2. Any person can join any Initiative.
  3. Any person can leave an Initiative at any time.

Sources and Helpers

A Source is the person who started the Initiative. He or she assembles the team, defines the main problem the Initiatives aims to solve, and is fully responsible for the Initiative's success. The Source can make all final functional decisions, technical decisions, etc. (Remember, Helpers are free to leave the Initiative at any time, so there is a mechanism to control poor leadership).

A Helper is a person who joins an Initiative and is committed to help complete it by the agreed deadline. He or she should focus on the Initiative and make it happen.

The Initiative deadline day is pretty significant. Two things should happen on the deadline day:

  • The Source makes a company-wide demo. They show the results to the whole company and explain what the team has accomplished.
  • The Initiative should be live on production.

As you see, freedom meets responsibility here. People are free to start Initiatives and work on almost anything, but they have to meet their deadlines and deliver the defined scope. This creates significant peer pressure, since you don't want to show bad results during the demo.

This process was started in July. We still have a few teams finalizing old features, but the majority of developers are working in the Initiatives mode now. Here's a screenshot of the Initiatives currently in progress:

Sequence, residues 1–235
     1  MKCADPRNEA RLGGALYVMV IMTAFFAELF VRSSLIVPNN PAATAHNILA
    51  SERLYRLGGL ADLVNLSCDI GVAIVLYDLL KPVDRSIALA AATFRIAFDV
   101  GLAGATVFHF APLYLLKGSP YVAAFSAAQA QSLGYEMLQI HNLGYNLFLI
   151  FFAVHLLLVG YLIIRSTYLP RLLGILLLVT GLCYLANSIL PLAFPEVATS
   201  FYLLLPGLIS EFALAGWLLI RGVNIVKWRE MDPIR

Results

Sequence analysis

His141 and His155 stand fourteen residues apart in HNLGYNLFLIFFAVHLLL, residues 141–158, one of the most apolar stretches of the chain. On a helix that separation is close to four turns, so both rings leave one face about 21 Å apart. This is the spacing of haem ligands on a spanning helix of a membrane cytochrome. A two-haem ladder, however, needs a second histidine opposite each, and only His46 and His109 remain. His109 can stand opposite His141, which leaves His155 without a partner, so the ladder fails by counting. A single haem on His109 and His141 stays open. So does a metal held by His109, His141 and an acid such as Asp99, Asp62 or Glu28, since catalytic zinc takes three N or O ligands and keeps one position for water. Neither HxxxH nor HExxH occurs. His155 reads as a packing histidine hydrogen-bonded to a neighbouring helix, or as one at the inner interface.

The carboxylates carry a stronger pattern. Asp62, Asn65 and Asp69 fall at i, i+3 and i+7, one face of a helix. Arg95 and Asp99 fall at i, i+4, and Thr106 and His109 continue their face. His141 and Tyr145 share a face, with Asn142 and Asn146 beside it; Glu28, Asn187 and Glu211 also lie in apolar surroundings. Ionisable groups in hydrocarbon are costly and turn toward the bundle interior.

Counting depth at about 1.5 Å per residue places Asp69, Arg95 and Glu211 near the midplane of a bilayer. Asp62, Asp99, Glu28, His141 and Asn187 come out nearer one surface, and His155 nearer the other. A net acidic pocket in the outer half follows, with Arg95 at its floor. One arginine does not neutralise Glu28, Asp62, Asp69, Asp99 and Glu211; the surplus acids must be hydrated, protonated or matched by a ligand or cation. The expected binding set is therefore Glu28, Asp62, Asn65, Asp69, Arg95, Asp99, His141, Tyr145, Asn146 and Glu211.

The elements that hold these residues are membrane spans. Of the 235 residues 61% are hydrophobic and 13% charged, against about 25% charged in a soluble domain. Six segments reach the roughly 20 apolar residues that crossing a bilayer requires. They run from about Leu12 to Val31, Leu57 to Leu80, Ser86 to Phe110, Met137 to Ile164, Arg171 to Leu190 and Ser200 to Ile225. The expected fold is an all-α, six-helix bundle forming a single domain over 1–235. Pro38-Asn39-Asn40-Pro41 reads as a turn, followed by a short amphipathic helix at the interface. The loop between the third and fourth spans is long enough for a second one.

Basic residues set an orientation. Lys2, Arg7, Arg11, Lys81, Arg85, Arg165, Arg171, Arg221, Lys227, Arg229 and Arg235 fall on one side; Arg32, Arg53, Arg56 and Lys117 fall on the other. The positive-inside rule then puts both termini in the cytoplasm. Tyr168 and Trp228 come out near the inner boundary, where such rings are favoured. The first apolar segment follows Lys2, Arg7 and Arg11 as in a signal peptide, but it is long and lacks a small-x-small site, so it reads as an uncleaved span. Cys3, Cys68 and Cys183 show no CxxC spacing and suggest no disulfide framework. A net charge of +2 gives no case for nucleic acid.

Initiatives timeline

The Initiatives in the Backlog are just markers; some of them will not go into development, and there is no priority here. Next is the Initiatives Kanban Board:

Initiatives Kanban Board

You may ask, how do we define what is most important? The answer is: it does not matter. If we have a real pain from customers, and we have a few people that really want to solve this problem — it will be solved. Nobody can dictate a roadmap, nobody can set priorities, even the Product Owner. The Product Owner can start their own Initiatives (if they can get enough Helpers) or decline some Initiatives (if it takes tooooo long or doesn't fit the strategic theme).

As a result, we don't have roadmaps at all. We don't discuss priorities. And we can't provide answers to your questions like "when will you have a better Git integration". We can only make promises about things already started (you can see some of them above). All the people inside our company care about making our customers happy with the product, and now they have been enabled with real power to react faster and help you.

We can also promise that Targetprocess will become easier, faster, and more useful with every new release.

1 year ago

Agile Software Development Process: 90 Months of Evolution

Three years ago I wrote an article that describes the changes in our Agile software development processes from 2008 to 2012. Three more years have passed by and our processes were not set in stone. Here I want to provide you with 90 months of changes in our product development practices, company culture, structure and engineering practices. Hope you will find it interesting and learn from our mistakes.